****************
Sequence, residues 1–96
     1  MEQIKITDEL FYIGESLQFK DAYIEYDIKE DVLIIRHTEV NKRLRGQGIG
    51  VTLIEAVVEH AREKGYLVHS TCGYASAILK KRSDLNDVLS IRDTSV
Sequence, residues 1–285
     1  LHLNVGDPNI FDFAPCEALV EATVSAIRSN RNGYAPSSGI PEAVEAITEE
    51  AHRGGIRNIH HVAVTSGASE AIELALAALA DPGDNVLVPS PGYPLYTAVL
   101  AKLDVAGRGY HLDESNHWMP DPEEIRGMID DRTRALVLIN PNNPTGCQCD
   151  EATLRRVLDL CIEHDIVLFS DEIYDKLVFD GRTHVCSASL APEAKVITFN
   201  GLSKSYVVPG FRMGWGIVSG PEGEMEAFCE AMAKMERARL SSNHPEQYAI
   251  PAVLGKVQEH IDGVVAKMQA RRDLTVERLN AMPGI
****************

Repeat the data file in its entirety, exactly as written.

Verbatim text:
Sequence, residues 1–96
     1  MEQIKITDEL FYIGESLQFK DAYIEYDIKE DVLIIRHTEV NKRLRGQGIG
    51  VTLIEAVVEH AREKGYLVHS TCGYASAILK KRSDLNDVLS IRDTSV
Sequence, residues 1–285
     1  LHLNVGDPNI FDFAPCEALV EATVSAIRSN RNGYAPSSGI PEAVEAITEE
    51  AHRGGIRNIH HVAVTSGASE AIELALAALA DPGDNVLVPS PGYPLYTAVL
   101  AKLDVAGRGY HLDESNHWMP DPEEIRGMID DRTRALVLIN PNNPTGCQCD
   151  EATLRRVLDL CIEHDIVLFS DEIYDKLVFD GRTHVCSASL APEAKVITFN
   201  GLSKSYVVPG FRMGWGIVSG PEGEMEAFCE AMAKMERARL SSNHPEQYAI
   251  PAVLGKVQEH IDGVVAKMQA RRDLTVERLN AMPGI